lard does not have a very happy connotation in this country. since we went fat-obsessed in the 80s, anything even remotely fatty has gotten a bad rap. instead of using animal fat like butter and lard, we’ve been stuffing ourselves full of partially hydrogenated vegetable oil (i’m looking at you, crisco and margarine) and sugar (i’m looking at you devil’s syrup). guess what? turns out fat isn’t that bad for you after all.
add in the “use the whole animal” and locavore movements that are taking hold, and it so happened that when i bought a half a hog, i said yes to the fat. rendering lard, it turns out, is not that difficult, and the end result is some awesome fat you can use in your baked goods in place of shortening. most times, its taste is better than shortening.
pie crust that is half butter and half lard is DIVINE.
i had two and a half huge tubes of fat, and it took me all day to get the lard rendered from them. prep work: getting out my cake and pie pans for the lard to harden up in.
i decided to do this in my dutch oven since it retains heat better. the things i had read online said to cook the fat over medium heat, but with the DO, i was able to heat it over medium-low to low heat. i tried medium, and the fat burned. 🙁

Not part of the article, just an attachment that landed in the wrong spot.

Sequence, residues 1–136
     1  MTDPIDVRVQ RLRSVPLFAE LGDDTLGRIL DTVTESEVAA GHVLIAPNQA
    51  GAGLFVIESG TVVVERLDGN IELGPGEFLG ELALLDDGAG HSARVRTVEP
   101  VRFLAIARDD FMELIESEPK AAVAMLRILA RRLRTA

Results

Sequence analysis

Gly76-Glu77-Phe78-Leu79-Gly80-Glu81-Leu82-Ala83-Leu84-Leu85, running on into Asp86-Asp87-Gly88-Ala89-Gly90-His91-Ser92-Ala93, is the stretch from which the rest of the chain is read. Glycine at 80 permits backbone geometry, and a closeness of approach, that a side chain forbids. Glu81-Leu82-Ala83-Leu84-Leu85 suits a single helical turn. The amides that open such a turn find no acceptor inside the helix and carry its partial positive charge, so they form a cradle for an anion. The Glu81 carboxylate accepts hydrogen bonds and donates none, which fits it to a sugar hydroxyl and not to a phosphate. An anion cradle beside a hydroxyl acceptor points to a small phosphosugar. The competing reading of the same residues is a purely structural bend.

it started to cook down. every 20 minutes or so, i would strain off the fat that started to melt off. i had my strainer in a pot lined with 4-5 layers of cheesecloth to catch all the nasty bits you don’t want floating around in your lard.
the first few times i strained off my fat, the fat was really nice and pure. after a while, it got a little ruddier. i chalked this up to the fact that they had probably given me a whole crapload of different types of fat. apparently if you want purest of the pure lard, ask for the fat from around the kidneys, then the backfat.
no worries for me; i just separated the two types of fats i was getting. after a while, your fat just stops rendering, and you’re left with cracklins.
after letting the lard firm up a little, i stuck it in the freezer to completely harden up so i could cut it up into pieces for my big freezer downstairs.
this is the good stuff! this is what i’ll use for baking. the ruddier fat i put into muffin tins and my silicon snowflake molds so i can grab one and throw it in the pan for frying stuff (chicken strips, brussels sprouts, broccoli, etc.). it’ll keep indefinitely in the freezer and fridge, as long as it stays there. unlike crisco, this is not shelf-stable (the reason crisco is partially hydrogenated).
i should have more than enough lard to last me a while!